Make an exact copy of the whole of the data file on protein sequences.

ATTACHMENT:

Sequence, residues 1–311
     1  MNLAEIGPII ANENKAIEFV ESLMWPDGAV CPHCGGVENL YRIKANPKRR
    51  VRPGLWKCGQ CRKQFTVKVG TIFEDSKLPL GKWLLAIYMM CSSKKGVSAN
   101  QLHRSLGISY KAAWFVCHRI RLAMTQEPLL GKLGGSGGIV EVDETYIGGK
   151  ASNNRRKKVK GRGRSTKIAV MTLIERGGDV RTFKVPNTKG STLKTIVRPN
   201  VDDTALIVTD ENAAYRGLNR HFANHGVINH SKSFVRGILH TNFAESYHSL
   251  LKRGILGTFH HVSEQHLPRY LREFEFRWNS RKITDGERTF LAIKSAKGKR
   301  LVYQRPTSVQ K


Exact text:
Sequence, residues 1–311
     1  MNLAEIGPII ANENKAIEFV ESLMWPDGAV CPHCGGVENL YRIKANPKRR
    51  VRPGLWKCGQ CRKQFTVKVG TIFEDSKLPL GKWLLAIYMM CSSKKGVSAN
   101  QLHRSLGISY KAAWFVCHRI RLAMTQEPLL GKLGGSGGIV EVDETYIGGK
   151  ASNNRRKKVK GRGRSTKIAV MTLIERGGDV RTFKVPNTKG STLKTIVRPN
   201  VDDTALIVTD ENAAYRGLNR HFANHGVINH SKSFVRGILH TNFAESYHSL
   251  LKRGILGTFH HVSEQHLPRY LREFEFRWNS RKITDGERTF LAIKSAKGKR
   301  LVYQRPTSVQ K